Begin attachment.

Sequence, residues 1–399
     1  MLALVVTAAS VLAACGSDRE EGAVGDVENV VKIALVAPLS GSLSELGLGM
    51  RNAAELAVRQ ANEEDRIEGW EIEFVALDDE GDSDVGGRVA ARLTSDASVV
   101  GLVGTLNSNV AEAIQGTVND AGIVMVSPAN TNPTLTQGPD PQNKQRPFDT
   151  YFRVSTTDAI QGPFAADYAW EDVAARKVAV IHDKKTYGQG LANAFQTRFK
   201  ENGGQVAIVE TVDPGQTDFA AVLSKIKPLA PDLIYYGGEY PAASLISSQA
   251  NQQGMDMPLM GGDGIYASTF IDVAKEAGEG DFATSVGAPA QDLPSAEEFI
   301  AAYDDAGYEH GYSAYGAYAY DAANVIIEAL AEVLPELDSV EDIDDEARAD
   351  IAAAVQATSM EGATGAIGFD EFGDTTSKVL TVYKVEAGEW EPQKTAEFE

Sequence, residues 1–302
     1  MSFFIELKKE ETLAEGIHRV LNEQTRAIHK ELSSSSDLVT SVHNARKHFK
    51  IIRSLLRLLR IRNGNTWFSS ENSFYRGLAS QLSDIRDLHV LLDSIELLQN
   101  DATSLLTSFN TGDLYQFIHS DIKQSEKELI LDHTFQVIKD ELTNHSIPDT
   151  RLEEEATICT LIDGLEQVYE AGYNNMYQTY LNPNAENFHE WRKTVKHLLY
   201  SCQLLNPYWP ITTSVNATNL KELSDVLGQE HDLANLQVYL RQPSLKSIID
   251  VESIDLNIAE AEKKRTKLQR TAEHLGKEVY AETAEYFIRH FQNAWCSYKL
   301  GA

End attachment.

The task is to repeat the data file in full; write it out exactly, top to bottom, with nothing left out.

Sequence, residues 1–399
     1  MLALVVTAAS VLAACGSDRE EGAVGDVENV VKIALVAPLS GSLSELGLGM
    51  RNAAELAVRQ ANEEDRIEGW EIEFVALDDE GDSDVGGRVA ARLTSDASVV
   101  GLVGTLNSNV AEAIQGTVND AGIVMVSPAN TNPTLTQGPD PQNKQRPFDT
   151  YFRVSTTDAI QGPFAADYAW EDVAARKVAV IHDKKTYGQG LANAFQTRFK
   201  ENGGQVAIVE TVDPGQTDFA AVLSKIKPLA PDLIYYGGEY PAASLISSQA
   251  NQQGMDMPLM GGDGIYASTF IDVAKEAGEG DFATSVGAPA QDLPSAEEFI
   301  AAYDDAGYEH GYSAYGAYAY DAANVIIEAL AEVLPELDSV EDIDDEARAD
   351  IAAAVQATSM EGATGAIGFD EFGDTTSKVL TVYKVEAGEW EPQKTAEFE

Sequence, residues 1–302
     1  MSFFIELKKE ETLAEGIHRV LNEQTRAIHK ELSSSSDLVT SVHNARKHFK
    51  IIRSLLRLLR IRNGNTWFSS ENSFYRGLAS QLSDIRDLHV LLDSIELLQN
   101  DATSLLTSFN TGDLYQFIHS DIKQSEKELI LDHTFQVIKD ELTNHSIPDT
   151  RLEEEATICT LIDGLEQVYE AGYNNMYQTY LNPNAENFHE WRKTVKHLLY
   201  SCQLLNPYWP ITTSVNATNL KELSDVLGQE HDLANLQVYL RQPSLKSIID
   251  VESIDLNIAE AEKKRTKLQR TAEHLGKEVY AETAEYFIRH FQNAWCSYKL
   301  GA